Python Initialization Examples

The Game Engine forum has taught me to initialize code like this:

if not 'init' in own:
    #Insert code to be run once here.
    own['init'] = True

Though this has always bothered me.

It seems like a ‘hack’ for lack of a better word.

I vaguely remember a thread where similar things were discussed, and I know there are other ways to accomplish this, but I can’t for the life of me find them.

Cheers!

Edit: Error 40 inside the code tags : 3

i only do it like that in small examples to keep complexity down, in bigger projects i would have a separate init script that is only run once.

Typically I do either:


def init(cont):
    if 'GAMENAME' not in cont.owner:
        cont.owner['GAMENAME'] = GameMainClass()
    cont.owner['GAMENAME'].update()


class GameMainClass():
    def __init__(self):
        ''' Init code should go in here '''
    
    def update(self):
        ''' Update code goes here '''

Or if I want to save that ‘if’ statment, you can do:


def init(cont):
    cont.owner['GAMENAME'] = GameMainClass()
    cont.script = __name__ + '.run'   # Change the script run from the controller. __name__ evaluates to the scripts name.

def run(cont):
    cont.owner['GAMENAME'].update()


class GameMainClass():
    def __init__(self):
        ''' Init code should go in here '''
    
    def update(self):
        ''' Update code goes here '''

Once you’re inside your main game object, you can do whatever you like with regards to loading etc. Obviously, name your classes better than that example.

I run init in my GUI code and my world code…just because it gets messy to have it all in one script(and they are separate scenes ofc)…at least for me…if I cannot track something down it gets frustrating… I do not like it, but it it can be a necessity…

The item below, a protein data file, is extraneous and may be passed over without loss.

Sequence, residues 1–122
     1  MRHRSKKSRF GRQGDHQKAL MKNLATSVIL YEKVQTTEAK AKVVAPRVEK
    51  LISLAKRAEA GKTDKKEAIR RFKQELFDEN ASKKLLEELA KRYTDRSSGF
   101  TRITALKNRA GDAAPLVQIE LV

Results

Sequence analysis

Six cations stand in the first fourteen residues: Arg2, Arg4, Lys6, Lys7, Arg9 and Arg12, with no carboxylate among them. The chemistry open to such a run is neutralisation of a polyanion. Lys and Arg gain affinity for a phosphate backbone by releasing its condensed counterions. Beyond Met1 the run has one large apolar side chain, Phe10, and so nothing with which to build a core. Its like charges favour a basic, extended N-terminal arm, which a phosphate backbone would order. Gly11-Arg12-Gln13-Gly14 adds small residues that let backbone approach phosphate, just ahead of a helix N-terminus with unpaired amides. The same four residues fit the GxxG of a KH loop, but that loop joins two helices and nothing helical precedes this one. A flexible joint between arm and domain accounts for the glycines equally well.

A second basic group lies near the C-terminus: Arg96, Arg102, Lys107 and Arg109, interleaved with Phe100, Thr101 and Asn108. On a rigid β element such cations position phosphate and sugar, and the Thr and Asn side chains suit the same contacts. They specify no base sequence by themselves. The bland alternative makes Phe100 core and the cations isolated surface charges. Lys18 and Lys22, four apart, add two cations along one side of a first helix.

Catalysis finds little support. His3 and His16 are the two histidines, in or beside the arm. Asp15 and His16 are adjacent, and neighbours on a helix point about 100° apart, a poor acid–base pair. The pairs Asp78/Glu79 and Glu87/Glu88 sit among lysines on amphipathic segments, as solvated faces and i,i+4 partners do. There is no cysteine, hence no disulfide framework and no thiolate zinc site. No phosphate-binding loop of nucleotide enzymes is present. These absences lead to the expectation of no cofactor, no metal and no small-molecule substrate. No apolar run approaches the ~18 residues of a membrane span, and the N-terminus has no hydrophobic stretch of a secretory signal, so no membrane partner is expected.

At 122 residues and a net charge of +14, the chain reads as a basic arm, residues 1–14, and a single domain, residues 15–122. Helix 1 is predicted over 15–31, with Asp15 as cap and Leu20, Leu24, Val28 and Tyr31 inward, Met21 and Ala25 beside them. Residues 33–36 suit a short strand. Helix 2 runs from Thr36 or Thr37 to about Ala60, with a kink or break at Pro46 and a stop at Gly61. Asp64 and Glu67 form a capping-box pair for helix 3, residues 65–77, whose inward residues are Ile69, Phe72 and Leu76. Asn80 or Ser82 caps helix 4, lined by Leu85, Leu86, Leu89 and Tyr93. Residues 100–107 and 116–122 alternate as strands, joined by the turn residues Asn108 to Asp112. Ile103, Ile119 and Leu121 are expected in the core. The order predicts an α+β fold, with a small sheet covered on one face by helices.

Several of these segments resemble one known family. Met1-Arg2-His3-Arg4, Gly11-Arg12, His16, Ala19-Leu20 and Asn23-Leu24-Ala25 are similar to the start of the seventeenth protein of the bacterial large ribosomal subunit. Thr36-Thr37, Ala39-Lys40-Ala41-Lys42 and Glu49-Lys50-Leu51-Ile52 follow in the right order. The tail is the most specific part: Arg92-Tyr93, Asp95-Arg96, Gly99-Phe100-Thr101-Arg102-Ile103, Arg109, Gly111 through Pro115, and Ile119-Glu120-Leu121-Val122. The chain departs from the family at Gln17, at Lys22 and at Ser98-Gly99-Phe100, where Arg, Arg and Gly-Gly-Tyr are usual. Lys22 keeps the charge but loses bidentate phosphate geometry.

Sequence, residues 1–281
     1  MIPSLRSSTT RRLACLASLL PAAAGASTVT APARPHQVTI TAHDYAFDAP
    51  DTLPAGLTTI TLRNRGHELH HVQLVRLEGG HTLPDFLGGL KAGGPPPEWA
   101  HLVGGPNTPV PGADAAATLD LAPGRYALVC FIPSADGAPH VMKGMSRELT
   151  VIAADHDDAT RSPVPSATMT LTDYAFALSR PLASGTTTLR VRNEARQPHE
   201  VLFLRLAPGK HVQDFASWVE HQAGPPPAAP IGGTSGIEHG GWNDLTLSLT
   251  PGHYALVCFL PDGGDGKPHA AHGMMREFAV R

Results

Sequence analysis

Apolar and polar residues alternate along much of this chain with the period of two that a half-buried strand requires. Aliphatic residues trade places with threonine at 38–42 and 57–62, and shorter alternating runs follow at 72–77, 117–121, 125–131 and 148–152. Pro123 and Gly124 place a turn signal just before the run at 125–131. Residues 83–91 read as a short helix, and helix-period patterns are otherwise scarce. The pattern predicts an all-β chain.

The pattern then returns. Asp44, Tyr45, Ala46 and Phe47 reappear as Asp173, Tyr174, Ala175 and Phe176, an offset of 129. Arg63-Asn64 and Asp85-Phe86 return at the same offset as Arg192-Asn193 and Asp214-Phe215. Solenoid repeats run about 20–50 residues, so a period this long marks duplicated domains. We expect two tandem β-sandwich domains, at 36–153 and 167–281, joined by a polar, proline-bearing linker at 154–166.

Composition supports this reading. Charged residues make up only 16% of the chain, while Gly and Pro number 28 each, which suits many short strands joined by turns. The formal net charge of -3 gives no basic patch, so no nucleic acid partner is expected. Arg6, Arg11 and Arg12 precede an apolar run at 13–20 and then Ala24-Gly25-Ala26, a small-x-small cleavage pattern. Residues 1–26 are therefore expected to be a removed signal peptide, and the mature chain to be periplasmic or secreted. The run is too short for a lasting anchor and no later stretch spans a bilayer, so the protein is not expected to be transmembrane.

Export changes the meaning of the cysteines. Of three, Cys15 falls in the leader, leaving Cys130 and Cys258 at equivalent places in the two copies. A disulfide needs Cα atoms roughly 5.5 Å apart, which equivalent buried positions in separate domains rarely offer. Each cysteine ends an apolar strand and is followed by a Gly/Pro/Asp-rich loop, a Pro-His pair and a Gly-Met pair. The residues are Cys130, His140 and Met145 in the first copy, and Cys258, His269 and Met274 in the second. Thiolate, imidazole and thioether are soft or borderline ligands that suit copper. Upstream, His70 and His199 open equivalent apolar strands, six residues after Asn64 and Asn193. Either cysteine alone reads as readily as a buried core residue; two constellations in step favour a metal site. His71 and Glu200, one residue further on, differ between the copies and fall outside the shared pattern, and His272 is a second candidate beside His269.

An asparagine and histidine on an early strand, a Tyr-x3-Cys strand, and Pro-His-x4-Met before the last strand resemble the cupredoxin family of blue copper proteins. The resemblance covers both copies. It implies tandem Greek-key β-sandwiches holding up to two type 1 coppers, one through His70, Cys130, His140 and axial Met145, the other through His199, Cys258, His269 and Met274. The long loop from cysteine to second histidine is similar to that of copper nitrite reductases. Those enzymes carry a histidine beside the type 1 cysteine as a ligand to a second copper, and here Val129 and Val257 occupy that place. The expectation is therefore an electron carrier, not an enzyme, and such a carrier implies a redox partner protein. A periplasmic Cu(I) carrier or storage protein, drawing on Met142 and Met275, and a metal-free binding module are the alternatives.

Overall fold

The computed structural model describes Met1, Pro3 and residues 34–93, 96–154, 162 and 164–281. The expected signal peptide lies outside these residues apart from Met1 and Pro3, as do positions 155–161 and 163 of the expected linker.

That’s basically why I’m asking this, I feel like I’m starting to get to the point where I could complete a larger project, and not just a vertical slice of a prototype : P

Wait, wait, wait, hold on a minute, what just happened there? That’s basically the method I learned, but with a class slapped in there, which has the nifty initialization/constructor method built into it?
Man that’s really cool though, I never even knew that a property could be am object like that. Mind = BLOWN

What the!? How did you even find/come up with this stuff? xD



Yup, we use the game object classes initialiser for the initialisation code. I mean, it makes sense doesn’t it?

I use that system for all my projects, but for bigger ones there is another layer. I mean, what happens if your initilization code adds a scene (takes one frame to occur), or is something that takes a long time (eg libload). You need a loading screen. So how about this:


import bge
import functools

def init(cont):
    cont.owner['GAMENAME'] = GameMainClass()
    cont.script = __name__ + '.run'   # Change the script run from the controller. __name__ evaluates to the scripts name.


def run(cont):
    cont.owner['GAMENAME'].update()




class GameMainClass():
    def __init__(self):
        ''' Init code should go in here '''
        self.load_screen = LoadingScreen()

        self.load_screen.functions += [
            some_long_function,
            other_long_function,
        ]

        self.update = self.load  # Make the update function run the loader

    def load(self):
        '''Update the load screen'''
        self.load_screen.update()
        if self.load_screen.done:
            self.update = self.play_game  # Start the game playing
    
    def play_game(self):
        ''' Update code goes here '''


class LoadingScreen:  # Note: this can be split into two classes: a loader and it's visuals
    def __init__(self):
        self.functions = [
            functools.partial(bge.logic.addScene, 'Loading')  # Add the loading screen as the first function
            start_load  # Then continue setting up the loader. Other functions should be appended to this list.
        ]  
        self.scene = None
        self._max_len = 0
        self._max_logic_frames = bge.logic.getMaxLogicFrame()

    def start_load(self):
        '''Sets things up for the loader (ie finds the loading screen)'''
        self.scene = next(s for s in bge.logic.getSceneList() if s.name == 'Loading')
        self.functions.append(self.remove_load_scene)  # Make sure the loader removes the load screen as the last function it runs
        self._max_len = len(self.functions)  # Store total number of functions for computing percentage
        bge.logic.setMaxLogicFrame(1)  # Ensure that long-running functions don't cause BGE to jump render steps